The Wingdale Community Singers don’t drift too far afield musically or lyrically from their debut, but Katchadourian‘s voice — as singer and songwriter — exponentially deepens the group’s colors and textures, making Spirit Duplicator that rarest of musical entities: a sophomore album better than its brilliant predecessor.
We All Have Hooks for Hands began as a busman’s holiday away from Sioux Falls, S.D., Hardcore groups that went by the names of The Coxxx and Los Assos Waxos and quickly grew into an Indie Pop collective that incorporated two drummers, three guitars, bass, keyboards and horns, creating an impossibly stripped back sound for a nine-member group. The group’s 2007 debut, The Pretender, was a 26-minute foray into homemade Indie Pop weirdness, like Brian Eno conducting a shambling orchestra made up of Pavement, Ween and The Shins.
Hooks for Hands’ sophomore release, The Shape of Energy, the group sounds slightly more cohesive and directional without losing any of the whimsical passion that fueled The Pretender. From Energy’s first track, “Howling and Bellowing,” they steam and swagger with the off-kilter Pop/Punk power of Couch Flambeau while weaving in the expansive baroque Pop effervescence of Polyphonic Spree.
Where The Pretender found Hooks for Hands careening off in a number of cool but often cross-purposed directions, The Shape of Energy shows how the band has channeled their eclectic sonic blurt into a wonderfully batty singularity, from the Hollies-meets-Shins tingle of “Made Up of Tiny Lights” to the Indie Pop/Eno/Stones hybrid of “Better to Live Than to Die.” The Shape of Energy is a quantum jump from the naive Pop palette of The Pretender — it will be fascinating to see where We All Have Hooks for Hands steers their eccentric orchestral Pop from here.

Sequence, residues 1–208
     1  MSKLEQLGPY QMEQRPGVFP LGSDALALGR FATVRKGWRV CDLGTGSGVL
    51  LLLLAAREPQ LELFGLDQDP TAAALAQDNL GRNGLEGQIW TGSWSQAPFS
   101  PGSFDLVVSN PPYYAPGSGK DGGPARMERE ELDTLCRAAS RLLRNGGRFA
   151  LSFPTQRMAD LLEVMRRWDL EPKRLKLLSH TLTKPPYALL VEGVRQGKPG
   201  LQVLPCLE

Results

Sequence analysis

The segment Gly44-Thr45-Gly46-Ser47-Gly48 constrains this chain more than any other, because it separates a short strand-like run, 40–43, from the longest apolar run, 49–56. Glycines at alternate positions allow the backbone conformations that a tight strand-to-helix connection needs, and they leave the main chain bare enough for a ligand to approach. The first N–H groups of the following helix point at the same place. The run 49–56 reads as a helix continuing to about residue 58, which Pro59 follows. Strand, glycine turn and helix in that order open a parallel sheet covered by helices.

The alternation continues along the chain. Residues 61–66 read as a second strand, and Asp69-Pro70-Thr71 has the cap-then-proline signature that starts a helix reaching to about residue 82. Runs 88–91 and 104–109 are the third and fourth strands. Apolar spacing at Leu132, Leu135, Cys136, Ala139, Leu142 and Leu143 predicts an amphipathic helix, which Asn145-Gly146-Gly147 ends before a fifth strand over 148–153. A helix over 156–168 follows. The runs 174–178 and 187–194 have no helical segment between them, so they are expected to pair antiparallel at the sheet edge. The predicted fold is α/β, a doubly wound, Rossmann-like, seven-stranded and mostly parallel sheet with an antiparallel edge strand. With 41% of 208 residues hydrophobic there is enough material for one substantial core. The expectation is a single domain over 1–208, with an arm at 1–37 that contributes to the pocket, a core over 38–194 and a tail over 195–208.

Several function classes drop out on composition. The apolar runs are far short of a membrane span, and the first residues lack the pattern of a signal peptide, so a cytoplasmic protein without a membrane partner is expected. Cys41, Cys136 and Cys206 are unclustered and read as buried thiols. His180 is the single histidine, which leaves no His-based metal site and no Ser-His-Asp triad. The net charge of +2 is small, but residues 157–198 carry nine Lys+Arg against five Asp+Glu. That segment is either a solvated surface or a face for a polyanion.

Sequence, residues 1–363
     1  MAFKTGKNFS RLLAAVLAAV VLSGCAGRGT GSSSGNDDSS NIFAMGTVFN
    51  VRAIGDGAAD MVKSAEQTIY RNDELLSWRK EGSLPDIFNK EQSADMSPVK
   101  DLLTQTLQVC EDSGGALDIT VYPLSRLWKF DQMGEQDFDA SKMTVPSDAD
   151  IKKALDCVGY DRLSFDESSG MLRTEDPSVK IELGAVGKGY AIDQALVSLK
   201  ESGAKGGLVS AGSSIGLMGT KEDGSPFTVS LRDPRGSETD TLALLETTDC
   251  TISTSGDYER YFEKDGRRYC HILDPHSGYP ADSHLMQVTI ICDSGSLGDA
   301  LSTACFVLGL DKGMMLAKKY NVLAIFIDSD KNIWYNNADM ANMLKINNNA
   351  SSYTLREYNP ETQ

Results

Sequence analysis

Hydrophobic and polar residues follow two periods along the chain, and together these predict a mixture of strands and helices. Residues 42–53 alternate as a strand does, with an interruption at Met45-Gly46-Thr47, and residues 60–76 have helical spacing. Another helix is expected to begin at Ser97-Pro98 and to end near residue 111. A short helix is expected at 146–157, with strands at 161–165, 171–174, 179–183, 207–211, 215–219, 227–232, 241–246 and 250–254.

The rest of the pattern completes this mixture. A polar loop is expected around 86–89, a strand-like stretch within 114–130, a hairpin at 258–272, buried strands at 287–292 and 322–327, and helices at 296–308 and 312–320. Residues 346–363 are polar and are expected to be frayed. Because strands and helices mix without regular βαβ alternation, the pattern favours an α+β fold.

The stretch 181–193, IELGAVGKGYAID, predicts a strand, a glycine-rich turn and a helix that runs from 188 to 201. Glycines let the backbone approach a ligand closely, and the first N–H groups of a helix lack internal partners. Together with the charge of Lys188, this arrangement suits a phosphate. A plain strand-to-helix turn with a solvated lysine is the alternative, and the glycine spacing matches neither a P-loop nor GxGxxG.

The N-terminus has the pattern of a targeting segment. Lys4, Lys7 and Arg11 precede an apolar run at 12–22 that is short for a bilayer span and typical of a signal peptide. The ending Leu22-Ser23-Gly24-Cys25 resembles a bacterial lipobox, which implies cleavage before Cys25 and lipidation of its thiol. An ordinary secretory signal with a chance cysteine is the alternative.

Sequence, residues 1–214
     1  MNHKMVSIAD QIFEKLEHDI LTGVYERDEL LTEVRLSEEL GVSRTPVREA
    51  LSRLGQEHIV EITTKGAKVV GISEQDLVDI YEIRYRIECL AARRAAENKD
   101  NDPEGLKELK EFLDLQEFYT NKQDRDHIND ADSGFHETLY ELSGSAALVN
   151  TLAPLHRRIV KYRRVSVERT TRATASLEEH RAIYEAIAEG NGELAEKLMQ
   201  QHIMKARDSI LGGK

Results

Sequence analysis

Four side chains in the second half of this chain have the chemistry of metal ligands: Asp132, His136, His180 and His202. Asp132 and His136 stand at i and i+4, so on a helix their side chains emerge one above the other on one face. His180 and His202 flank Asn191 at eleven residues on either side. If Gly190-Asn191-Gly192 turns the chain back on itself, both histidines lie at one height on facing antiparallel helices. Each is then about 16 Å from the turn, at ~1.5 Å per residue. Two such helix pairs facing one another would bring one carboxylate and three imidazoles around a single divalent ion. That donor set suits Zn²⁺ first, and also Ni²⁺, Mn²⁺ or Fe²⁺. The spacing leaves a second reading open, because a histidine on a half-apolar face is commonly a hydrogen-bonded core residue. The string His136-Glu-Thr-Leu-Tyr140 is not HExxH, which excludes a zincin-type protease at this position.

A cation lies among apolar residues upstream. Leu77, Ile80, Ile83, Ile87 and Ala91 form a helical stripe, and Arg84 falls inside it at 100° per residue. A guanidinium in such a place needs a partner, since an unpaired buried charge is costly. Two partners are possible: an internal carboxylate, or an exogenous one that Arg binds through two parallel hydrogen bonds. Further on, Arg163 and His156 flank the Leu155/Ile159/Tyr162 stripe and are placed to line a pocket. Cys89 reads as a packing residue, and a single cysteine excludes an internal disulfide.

John Mayer has enjoyed the best of all possible musical worlds since debuting with Room for Squares in 2001. His early success as a sensitive singer/songwriter led to platinum sales and Grammy wins, but the Berklee-schooled guitarist soon tired of the Pop treadmill and began dabbling in Hip Hop and Jazz and eventually assembled the John Mayer Trio to explore his inner electric Blues child. When the Trio’s Try! was an enormous success as well, Mayer took a crack at combining his dual directions on 2006’s Continuum, which was an effective (and Grammy-winning) blend of his Blues and Pop aspirations.
Over the past three years, Mayer’s dating activities have been given nearly as much attention as his music, so it might come as little surprise that the focus of his new album, Battle Studies, is heartbreak in its various and sundry forms. Given the subject, it’s natural that Mayer should lean more toward his Pop side, even though the Trio (bassist Pino Palladino, drummer Steve Jordan) is the band on Battle Studies.
There are moments when Mayer’s edge shines through, as on the melancholy yet upbeat “Perfectly Lonely” and the Mark Knopfler-tinged “Half of My Heart.” And Mayer leavens his Blues with plenty of the soulful Pop he’s perfected from the start (“All We Ever Do is Say Goodbye,” “Friends, Lovers or Nothing”).
At the same time, there are some interesting asides on Battle Studies: the Bob Dylan/Jonathan Edwards acoustic lilt of “Who Says,” the U2-trimmed “War of My Life,” the Sting-touched “Edge of Desire,” the Funk/Hip Hop-fueled treatment of Robert Johnson’s “Crossroads.” Mayer has his detractors to be sure — former Columbia chief Don Ienner’s dismissal of Continuum nearly made Mayer change careers — but Battle Studies shows a potent and engaging diversity in his Pop/Blues translation.